M. P. Shiel

Matthew Phipps Shiell (1865 - 1947), who wrote as M. P. Shiel, was a prolific British writer born in the West Indies of an Irish father. His legal surname remained “Shiell” although he adopted the shorter version as a pen name.

Shiel published over 30 books, including 25 novels and various collections of short stories, essays, and poems. Arkham House issued two posthumous collections of his stories, Xélucha and Others (1975) and Prince Zaleski and Cummings King Monk (1977).

The Purple Cloud (1901) is his most famous and often reprinted SF novel. It has been variously described as both a neglected masterpiece and the best of all “Last Man” novels. It was credited as the inspiration for the 1959 MGM film, "The World, the Flesh and the Devil." Stephen King said it was an influence on his novel The Stand.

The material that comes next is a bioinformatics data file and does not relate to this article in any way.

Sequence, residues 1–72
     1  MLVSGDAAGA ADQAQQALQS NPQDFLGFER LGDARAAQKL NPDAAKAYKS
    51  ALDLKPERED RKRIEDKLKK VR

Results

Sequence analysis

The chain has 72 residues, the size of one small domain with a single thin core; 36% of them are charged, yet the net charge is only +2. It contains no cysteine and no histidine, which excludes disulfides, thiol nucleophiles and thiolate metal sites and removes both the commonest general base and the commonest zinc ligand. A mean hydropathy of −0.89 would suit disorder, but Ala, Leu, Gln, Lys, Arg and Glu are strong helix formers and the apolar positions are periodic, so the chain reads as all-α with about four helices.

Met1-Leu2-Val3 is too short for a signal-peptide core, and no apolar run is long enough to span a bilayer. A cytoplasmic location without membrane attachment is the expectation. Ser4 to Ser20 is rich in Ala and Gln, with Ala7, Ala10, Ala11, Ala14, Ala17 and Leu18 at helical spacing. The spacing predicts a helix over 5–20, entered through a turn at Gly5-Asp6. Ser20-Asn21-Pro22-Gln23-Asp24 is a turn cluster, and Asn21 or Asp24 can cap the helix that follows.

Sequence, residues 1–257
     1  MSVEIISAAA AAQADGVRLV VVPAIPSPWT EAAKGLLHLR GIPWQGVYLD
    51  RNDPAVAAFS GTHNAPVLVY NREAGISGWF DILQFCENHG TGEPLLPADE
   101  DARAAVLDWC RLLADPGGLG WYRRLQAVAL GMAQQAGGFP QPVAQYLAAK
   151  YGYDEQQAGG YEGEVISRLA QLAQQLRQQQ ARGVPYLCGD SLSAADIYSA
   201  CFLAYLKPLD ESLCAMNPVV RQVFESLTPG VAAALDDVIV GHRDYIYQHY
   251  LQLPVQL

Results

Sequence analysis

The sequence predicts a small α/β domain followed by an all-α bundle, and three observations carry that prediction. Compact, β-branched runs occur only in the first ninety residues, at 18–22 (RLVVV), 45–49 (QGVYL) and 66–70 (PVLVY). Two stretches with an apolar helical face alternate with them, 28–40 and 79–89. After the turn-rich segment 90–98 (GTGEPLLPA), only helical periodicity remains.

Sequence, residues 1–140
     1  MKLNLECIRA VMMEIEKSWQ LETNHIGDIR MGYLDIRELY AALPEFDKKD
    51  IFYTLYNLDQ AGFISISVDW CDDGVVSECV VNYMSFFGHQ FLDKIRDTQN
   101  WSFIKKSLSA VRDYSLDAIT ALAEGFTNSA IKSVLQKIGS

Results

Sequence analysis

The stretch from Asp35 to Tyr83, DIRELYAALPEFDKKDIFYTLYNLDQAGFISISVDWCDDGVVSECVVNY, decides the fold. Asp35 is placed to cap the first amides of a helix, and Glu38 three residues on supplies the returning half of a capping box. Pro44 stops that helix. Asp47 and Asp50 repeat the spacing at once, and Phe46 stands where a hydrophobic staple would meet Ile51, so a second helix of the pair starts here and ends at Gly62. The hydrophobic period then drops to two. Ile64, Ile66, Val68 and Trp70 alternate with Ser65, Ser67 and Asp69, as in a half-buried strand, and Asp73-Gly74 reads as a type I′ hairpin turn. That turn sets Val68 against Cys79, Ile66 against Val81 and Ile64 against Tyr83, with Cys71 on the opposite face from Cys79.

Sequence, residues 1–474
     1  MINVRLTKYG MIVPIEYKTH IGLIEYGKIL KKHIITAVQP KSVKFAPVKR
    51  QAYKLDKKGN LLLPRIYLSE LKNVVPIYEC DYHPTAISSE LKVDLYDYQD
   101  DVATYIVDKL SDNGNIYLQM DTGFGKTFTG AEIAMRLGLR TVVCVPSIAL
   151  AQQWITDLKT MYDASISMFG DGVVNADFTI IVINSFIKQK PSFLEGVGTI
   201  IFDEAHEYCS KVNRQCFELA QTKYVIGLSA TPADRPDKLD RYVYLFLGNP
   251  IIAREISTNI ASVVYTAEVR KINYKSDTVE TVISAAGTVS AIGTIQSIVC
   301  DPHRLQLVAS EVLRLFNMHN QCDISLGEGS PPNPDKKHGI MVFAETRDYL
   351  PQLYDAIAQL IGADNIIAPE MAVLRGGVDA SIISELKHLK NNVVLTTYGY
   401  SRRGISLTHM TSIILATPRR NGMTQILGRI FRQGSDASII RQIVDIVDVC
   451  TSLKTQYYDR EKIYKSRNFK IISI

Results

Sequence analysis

Other SF works by Shiel included The Yellow Danger (1898), The Lord of the Sea (1901), The Last Miracle (1906), and The Isle of Lies (1909).

Sam Moskowitz devoted a chapter to Shiel in his 1963 reference work, Explorers of the Infinite: Shapers of Science Fiction.